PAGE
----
The size of achromatic (black, white, gray) plumage patches serves as a male status signal in many species of birds, but variation in the colors of these patches has received little attention. We assessed the relation between achromatic plumage reflectance, dominance rank, body condition, and reproductive success in male black-capped chickadees, Poecile atricapillus. We measured plumage reflectance for five body regions of 40 male chickadees in late winter and monitored these males throughout the following breeding season to determine whether they survived to breed, whether they successfully paired, whether their partner laid eggs, and both their apparent and realized reproductive success. As expected from past studies, a male's dominance rank significantly predicted whether his partner laid eggs. However, only achromatic plumage reflectance significantly predicted other measures of male reproductive performance. Among males who fledged at least one offspring, both the brightness of white plumage regions and the UV-chroma of melanin-based plumage regions were significant predictors of the proportion of within-pair young in their nests. When we consider all males we measured, assigning zero values to males who failed to sire any offspring, the UV-chroma of melanin-based plumage regions was a significant predictor of realized reproductive success. Bib size was also related to male realized reproductive success. Our findings suggest that individual variation in achromatic plumage may play an important role in sexual signaling in chickadees.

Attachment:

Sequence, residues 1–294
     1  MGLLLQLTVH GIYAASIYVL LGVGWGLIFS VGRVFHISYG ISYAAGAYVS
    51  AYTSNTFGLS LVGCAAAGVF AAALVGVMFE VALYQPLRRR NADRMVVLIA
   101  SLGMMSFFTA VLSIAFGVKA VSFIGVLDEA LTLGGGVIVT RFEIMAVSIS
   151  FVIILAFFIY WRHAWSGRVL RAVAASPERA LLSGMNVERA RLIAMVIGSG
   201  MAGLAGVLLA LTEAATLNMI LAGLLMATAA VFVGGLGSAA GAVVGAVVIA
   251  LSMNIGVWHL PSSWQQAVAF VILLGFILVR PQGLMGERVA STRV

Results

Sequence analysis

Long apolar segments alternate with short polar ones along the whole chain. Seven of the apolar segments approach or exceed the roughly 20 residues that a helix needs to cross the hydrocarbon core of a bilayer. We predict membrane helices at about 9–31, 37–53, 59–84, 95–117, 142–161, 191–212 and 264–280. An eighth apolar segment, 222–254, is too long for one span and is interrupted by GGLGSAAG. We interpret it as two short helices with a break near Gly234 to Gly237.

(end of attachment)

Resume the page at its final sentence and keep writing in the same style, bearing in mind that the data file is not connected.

Potter traps baited with sunflower seeds, color-banded birds, blood samples